Price comparison More HDHPenrollees report searching for cost information than traditionalplan enrollees, but a higher percentage of traditional planenrollees report actually finding information when they search forit. (Photo: Shutterstock)

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A new survey suggests that high deductible health plans (HDHPs) can be agood news/bad news proposition: although they succeed in makingplan enrollees better-informed consumers, they also areassociated with negative outcomes such as delaying care because ofcost concerns.

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The survey, conducted by Employee Benefit Research Institute(EBRI) and Greenwald & Associates, is an annual study ofconsumer attitudes. Now in its 14th year, the latest study surveyed more than 2,000 adults,85 percent of whom are enrolled in employer-based health plans.

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Related: 10 states where consumers are more likely to skipthe doctor due to cost

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The research is increasingly relevant due to the fact that thenumber of Americans enrolled in HDHPs continues to rise. The study notes that between2007 and 2018, the percentage of individuals under age 65 enrolledin high-deductible health plans increased from 17.4 percent to 46percent, a 264 percent increase.

More likely to search for information, but…

One good news/bad news aspect of the EBRI report is its “engagedconsumers” findings. HDHPs have long been seen as a way to helpconsumers become smarter shoppers when it comes to health caredecision-making. By giving consumers more skin in the game throughhigher deductibles, these plans sought to encourage enrollees to domore research and cost-comparison.

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And the survey found HDHP enrollees doing just that. “More thanone-third (39 percent) of HDHP enrollees versus 25 percent oftraditional plan enrollees tried to find cost information in thelast two years before receiving care,” the report says.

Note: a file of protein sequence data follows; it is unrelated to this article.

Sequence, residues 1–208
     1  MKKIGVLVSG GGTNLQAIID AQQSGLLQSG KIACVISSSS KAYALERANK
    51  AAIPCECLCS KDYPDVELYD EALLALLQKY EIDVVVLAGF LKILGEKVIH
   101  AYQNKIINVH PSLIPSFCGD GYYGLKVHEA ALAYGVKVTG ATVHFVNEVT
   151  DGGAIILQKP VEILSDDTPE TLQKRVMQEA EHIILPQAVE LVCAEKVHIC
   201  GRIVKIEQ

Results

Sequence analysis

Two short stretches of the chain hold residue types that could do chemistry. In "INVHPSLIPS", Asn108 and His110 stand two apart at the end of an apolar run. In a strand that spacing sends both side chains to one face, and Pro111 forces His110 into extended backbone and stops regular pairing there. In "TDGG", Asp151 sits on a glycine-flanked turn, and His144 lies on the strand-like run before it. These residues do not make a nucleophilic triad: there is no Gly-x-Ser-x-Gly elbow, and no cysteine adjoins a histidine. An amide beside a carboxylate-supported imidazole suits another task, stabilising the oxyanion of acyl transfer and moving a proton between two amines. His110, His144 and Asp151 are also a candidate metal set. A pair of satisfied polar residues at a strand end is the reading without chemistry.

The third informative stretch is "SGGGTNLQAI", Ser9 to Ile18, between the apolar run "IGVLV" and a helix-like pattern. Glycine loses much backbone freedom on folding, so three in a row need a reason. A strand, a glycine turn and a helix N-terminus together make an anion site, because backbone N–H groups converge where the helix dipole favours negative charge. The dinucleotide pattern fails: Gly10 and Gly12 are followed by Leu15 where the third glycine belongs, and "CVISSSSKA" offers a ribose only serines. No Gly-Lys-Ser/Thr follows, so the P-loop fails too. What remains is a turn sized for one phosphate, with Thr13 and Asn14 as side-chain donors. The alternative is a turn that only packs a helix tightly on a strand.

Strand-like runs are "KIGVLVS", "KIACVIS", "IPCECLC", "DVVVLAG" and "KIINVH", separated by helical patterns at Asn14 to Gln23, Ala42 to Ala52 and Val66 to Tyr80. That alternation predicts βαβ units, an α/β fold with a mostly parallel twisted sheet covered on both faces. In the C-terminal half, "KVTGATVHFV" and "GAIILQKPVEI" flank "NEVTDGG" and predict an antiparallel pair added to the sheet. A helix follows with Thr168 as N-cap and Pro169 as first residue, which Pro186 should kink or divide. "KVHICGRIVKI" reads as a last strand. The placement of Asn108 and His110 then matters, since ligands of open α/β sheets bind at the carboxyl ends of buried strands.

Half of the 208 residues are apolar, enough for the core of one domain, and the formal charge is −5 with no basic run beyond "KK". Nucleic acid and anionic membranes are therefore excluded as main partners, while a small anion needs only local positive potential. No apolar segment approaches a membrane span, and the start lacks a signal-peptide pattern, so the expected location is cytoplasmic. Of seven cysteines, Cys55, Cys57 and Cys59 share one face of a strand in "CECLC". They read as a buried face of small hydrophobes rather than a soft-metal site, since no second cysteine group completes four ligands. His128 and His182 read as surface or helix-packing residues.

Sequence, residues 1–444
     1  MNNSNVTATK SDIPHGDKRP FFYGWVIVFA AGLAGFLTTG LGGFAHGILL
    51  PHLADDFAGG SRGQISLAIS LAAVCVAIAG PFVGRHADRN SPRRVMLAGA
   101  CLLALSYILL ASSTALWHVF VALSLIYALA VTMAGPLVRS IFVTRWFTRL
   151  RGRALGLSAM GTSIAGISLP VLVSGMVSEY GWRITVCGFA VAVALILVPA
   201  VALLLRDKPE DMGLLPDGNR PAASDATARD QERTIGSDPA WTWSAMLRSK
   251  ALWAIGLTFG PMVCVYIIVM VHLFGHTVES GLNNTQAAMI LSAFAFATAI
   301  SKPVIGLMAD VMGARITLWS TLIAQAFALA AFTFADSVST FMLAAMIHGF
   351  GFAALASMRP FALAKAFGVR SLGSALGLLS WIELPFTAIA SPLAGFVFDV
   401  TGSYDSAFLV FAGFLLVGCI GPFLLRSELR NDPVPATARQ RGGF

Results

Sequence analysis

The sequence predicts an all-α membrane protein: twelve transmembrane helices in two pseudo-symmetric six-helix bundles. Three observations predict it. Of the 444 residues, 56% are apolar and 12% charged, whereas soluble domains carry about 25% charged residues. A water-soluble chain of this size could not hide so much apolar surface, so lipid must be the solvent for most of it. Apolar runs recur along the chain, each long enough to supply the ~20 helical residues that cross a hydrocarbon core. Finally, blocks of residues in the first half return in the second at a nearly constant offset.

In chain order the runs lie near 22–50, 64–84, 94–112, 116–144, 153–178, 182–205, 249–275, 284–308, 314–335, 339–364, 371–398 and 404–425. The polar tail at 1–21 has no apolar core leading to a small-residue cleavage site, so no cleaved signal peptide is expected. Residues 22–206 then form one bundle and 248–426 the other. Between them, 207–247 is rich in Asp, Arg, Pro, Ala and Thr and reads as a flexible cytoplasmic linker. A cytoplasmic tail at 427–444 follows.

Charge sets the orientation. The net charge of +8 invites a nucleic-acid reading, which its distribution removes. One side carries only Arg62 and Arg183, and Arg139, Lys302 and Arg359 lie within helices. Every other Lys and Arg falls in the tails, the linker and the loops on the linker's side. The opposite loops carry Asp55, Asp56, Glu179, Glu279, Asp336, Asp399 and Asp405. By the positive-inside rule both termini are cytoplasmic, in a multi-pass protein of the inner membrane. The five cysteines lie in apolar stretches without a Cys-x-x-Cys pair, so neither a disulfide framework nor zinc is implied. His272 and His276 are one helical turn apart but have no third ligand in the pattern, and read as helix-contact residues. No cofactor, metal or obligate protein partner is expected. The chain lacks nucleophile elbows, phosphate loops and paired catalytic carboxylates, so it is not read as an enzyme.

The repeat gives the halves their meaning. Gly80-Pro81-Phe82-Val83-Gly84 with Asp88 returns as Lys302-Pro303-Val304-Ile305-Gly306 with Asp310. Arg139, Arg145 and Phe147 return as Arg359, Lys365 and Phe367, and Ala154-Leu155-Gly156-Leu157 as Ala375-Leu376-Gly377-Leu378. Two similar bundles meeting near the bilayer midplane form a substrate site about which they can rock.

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However, the results of those efforts were somewhat mixed: moreHDHP enrollees report searching for cost information thantraditional plan enrollees, but the study shows a higher percentageof traditional plan enrollees report actually finding informationwhen they search for it.

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The complexities of finding cost information may be affectingthese results; it's possible that HDHP enrollees are more likely tosearch for harder-to-find information.

Informed consumers

Across the board, the HDHP enrollees showed more cost-consciousbehavior. They were more likely than those with traditionalcoverage to say that they had checked whether their plan wouldcover care or medication; they were more likely to check thequality rating of a doctor or hospital before receiving care; theymore often asked for a generic instead of a brand name drug ortalked to their providers about options; and they were more likelyto use an online cost-tracking tool provided by the healthplan.

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HDHP enrollees were also more likely than traditional planenrollees to report that their employer offered them biometricscreenings, financial wellness resources, and reimbursement for allor part of fitness memberships. But HDHP enrollees did notuniversally exhibit better health behaviors in this area. “Whilethey were more likely to be offered reimbursement for fitness clubmembership, just over a quarter of [HDHP enrollees] participated insuch available programs, compared to 42 percent of traditionalhealth care plan enrollees.”

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The study also noted that HDHP participants showedcost-consciousness in another way: “HDHP enrollees were more likelythan traditional plan enrollees to note that their health insurancepremiums would have been higher had they not participated in theemployer's wellness program,” the study says.

Delaying care, worrying about finances

The EBRI study found that the biggest difference incost-conscious behavior is that HDHP enrollees were nearly twice aslikely to report that they had delayed medical care because ofcost. “One-third of HDHP enrollees reported delaying care, whereas18 percent of traditional plan enrollees delayed care because ofcosts,” the study notes.

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The study also found an interesting pair of facts: even thoughHDHP enrollees tended to have higher income than traditional planenrollees, they also were more likely to report they had majorfinancial concerns.

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The mixed messages coming from the survey, the authorsconcluded, may influence decision making by employers. “Concernsover the financial well-being of workers may be what's holdingemployers back from adopting HDHPs more broadly,” they write.

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